Model says she’s true-blue M’sian


Model says she’s true-blue M’sian
She wants to quell speculation that she’s S’porean or Indonesian
KARTIKA Sari Dewi Shukarno, the woman in the centre of Malaysia’s caning controversy, has come out to defend her nationality.
02 September 2009

KARTIKA Sari Dewi Shukarno, the woman in the centre of Malaysia’s caning controversy, has come out to defend her nationality.

The 32-year-old said she was born a Malaysian and raised in a village in Perak before moving to Singapore.

The mother of two drew international attention after she refused to appeal against a sentence which stipulates that she would get six strokes of the cane for drinking beer.

She would be the first woman in Malaysia to be caned. But the Syariah Court in Pahang has announced that the punishment would be meted out only after the fasting month of Ramadan.

It is understood that the religious authorities are also reviewing her case.

In reports in two Malaysian dailies yesterday, Kartika, who has been living in Singapore for the past 15 years after marrying a Singaporean, was quoted as saying her ancestors are Malaysians.

She added that they were people of significance in Malaysian history.

Perak ruling class

One was a Perak ruler who fought off the British, while another was a member of the ruling family in the state, she claimed.

She revealed these details, she said, not because she wanted to gloat, but to rebut what she called ‘negative’ postings on blogs about her.

She told Harian Metro: ‘I am a Malaysian citizen. So many have presumed and said I was born in Singapore or that I’m from Indonesia.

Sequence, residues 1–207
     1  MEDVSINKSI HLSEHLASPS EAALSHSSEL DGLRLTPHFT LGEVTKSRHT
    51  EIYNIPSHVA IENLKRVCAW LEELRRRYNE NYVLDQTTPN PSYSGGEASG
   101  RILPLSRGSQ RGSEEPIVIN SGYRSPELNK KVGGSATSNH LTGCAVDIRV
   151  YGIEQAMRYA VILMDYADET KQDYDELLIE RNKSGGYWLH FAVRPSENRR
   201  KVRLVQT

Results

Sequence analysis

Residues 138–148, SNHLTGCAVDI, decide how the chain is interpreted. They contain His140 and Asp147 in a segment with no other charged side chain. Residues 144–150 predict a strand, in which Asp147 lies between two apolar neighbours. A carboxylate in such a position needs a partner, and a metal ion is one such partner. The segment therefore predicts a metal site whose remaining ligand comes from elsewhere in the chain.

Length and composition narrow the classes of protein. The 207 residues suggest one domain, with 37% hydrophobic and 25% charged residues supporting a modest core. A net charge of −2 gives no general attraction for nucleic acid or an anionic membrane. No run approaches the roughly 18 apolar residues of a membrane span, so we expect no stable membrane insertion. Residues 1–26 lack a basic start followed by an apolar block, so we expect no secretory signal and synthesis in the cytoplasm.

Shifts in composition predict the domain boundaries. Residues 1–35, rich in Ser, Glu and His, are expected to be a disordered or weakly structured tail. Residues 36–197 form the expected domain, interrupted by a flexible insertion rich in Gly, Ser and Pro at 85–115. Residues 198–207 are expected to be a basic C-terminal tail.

‘But the truth is, I was born and raised in Malaysia.’

She added: ‘I am upset to read some of these blog posts which debated and argued over my nationality. Some even suggested that I should be stripped of my citizenship.’

She told Berita Harian Malaysia that her paternal family has blood ties to Ngah Ibrahim, a Malay nobleman and chieftain in Perak who fought the British in the late 19th century.

Her mother’s ancestors include Megat Terawis, a Perak bendahara (palace-appointed chief of a Malay state), she said.

Kartika disclosed the information to reporters who had followed her to the tomb of Ngah Ibrahim in Taiping, where she went with her father to pay her respects.

She added: ‘These bloggers should research their information carefully before they post negative things on their blogs.’

On 20 Jul, a Syariah High Court in Kuantan fined her RM5,000 ($2,000) and sentenced her to six strokes of the cane after she was caught drinking beer at the lounge of a resort hotel in Cherating in 2007.

She pleaded guilty and paid the fine but refused to appeal her caning sentence, instead, urging the court to carry it out in public.

The court’s decision to cane her, the first Muslim woman to be caned under such laws in Malaysia, has sparked not only international media coverage, but saw fierce debates over the appropriateness of the sentence.

According The Star, her father hopes Kartika will be spared the cane if her case comes up for review.

Said Mr Shukarno Mutalib, 60: ‘I’m looking forward to hearing good news and I have sought the counsel of Perak Mufti, Tan Sri Harussani Zakaria, who assured me everything would be okay during this holy month.’

But he said he and his daughter would accept the authority’s decision.

He also said he was touched by the support from those who sympathised with his daughter’s plight.

Said Mr Shukarno: ‘Now that it’s Ramadan, it’s never lonely at home. People come with kind words for Kartika as her child is sick. There are those who bring food and come to break fast with us.’

Mr Shukarno also said the media hype had brought members of many Muslim non-governmental organisations, such as the Sisters in Islam, to his doorstep.

He said: ‘This shows that not all Islam-based NGOs are lobbying for Kartika to be caned. Some want her to undergo religious classes and such as punishment.’

He pleaded with reporters to stop harassing Kartika for comments on the phone or by staking out their family home as she is looking after her second child, who is down with pneumonia.


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